The liver is very susceptible to oxidative stress and plays an important role in controlling the balance between the antioxidant defense system and enhanced oxidative stress [30]. Excessive production of deleterious reactive oxygen species (ROS) could lead to liver dysfunction symptoms such as steatosis [17], alcoholic degeneration [19], cholestasis [18], and fibrosis [16] as a result of hepatocellular damage. Therefore, many studies related to the antioxidant effects of A. capillaris in hepatotoxicity have been conducted using chemical toxins, alcohol, fatty acids, bile duct ligation, and so forth. Oxidative injury to the liver can be confirmed by monitoring the malondialdehyde (MDA), which represents lipid peroxidative products. A. capillaris has been shown to significantly reduce the MDA content in the liver of rats with bile duct ligation () [18] and 50 and 100 mg/kg of its water extract notably decreased serum levels of MDA in alcohol-pyrazole-fed rats [19]. A. capillaris was also revealed to restore significantly reduced levels of antioxidant enzymes including superoxide dismutase (SOD), glutathione (GSH), GSH-peroxidase (Px), GSH-reductase (Rd), and catalases (CAT) under conditions of oxidative stress in in vivo rat models [1719]. Furthermore, the antioxidant potential of A. capillaris was shown to extend to liver fibrosis [18] and hepatoprotection [16, 17, 19, 30] by observing hydroxyproline, a mark of an increase in collagen synthesis and liver function enzymes including aspartate transaminase (AST) and alanine transaminase (ALT). Therefore, A. capillaris is a possible candidate agent for use in the reduction of oxidative toxicities and for hepatoprotection and in liver function recovery.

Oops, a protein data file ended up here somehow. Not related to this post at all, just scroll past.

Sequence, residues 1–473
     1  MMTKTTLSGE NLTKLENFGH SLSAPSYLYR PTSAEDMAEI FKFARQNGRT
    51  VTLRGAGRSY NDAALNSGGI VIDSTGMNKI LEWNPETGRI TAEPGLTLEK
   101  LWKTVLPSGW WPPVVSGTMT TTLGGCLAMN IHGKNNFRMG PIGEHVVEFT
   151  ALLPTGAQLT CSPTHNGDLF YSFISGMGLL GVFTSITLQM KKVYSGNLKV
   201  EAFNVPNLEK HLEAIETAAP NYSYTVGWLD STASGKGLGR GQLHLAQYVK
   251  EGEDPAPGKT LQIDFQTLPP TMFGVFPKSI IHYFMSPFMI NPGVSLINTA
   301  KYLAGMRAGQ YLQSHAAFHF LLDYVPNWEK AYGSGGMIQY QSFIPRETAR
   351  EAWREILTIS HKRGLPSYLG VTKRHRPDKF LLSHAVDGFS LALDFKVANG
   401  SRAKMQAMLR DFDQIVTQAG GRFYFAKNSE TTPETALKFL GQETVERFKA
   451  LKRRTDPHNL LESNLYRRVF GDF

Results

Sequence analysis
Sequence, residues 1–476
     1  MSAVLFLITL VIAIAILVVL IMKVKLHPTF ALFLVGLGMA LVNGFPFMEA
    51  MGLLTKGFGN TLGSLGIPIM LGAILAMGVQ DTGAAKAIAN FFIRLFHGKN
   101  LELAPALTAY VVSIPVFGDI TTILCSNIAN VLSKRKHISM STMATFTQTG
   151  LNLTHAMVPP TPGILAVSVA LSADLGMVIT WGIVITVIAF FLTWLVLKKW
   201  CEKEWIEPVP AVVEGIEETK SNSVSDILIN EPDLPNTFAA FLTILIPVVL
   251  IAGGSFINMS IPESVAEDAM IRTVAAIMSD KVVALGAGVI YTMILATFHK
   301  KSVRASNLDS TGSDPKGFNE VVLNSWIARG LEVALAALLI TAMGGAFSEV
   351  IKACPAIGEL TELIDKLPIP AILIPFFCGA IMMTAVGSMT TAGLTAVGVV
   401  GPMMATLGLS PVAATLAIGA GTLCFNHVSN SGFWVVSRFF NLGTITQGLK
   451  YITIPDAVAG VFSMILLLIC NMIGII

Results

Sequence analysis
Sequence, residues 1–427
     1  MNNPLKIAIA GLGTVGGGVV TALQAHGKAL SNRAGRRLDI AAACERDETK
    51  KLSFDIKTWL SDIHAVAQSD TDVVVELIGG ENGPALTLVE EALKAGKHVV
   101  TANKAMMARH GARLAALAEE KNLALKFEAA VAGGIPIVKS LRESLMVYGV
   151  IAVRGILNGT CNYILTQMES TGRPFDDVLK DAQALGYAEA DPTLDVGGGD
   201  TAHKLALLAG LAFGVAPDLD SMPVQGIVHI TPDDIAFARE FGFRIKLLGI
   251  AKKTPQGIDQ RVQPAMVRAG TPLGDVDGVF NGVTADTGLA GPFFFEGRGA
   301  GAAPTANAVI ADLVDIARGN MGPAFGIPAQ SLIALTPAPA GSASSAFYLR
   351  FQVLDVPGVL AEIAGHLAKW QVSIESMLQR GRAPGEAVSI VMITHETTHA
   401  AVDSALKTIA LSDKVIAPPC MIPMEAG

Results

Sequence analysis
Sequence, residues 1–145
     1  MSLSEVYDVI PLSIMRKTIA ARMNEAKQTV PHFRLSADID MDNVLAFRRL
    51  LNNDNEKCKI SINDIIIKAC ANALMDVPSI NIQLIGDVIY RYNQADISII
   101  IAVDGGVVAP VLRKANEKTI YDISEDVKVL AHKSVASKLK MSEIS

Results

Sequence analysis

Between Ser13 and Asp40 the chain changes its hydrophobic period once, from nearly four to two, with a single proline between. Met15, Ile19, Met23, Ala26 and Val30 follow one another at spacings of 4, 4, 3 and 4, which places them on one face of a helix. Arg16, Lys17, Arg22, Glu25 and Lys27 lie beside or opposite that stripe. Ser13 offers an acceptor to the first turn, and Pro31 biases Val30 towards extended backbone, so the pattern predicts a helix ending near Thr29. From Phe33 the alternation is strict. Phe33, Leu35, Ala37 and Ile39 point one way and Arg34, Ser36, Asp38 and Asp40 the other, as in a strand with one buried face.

2.2. Antisteatotic Effect

The hepatic accumulation of lipids, a characteristic feature of fatty liver disease and steatohepatitis, is strongly associated with insulin resistance [31], fibrogenic activities [32], oxidative stress [33], and lipoapoptosis [13]. Therefore, alternative therapeutic options with antisteatotic activities which can prevent oxidative and apoptotic changes in liver induced by lipids are desirable. A. capillaris was reported to markedly decrease the accumulated fat volume in free fatty acid-treated HepG2 cells and 3T3-L1 adipocytes [13, 14]. A. capillaris also conspicuously improved the lipid profile including the triglyceride (TG), total cholesterol (TC), low-density lipoprotein (LDL), and high-density lipoprotein (HDL) levels in obese rats [20]. These antilipidemic activities of A. capillaris can be attributed to its inhibition of apoptosis via the deactivation of phosphorylated (p) c-Jun N-terminal kinases (JNK) [13] or the increase in mitochondrial β-oxidation [14], but more studies are needed to apply it as one of the lipid-lowering agents.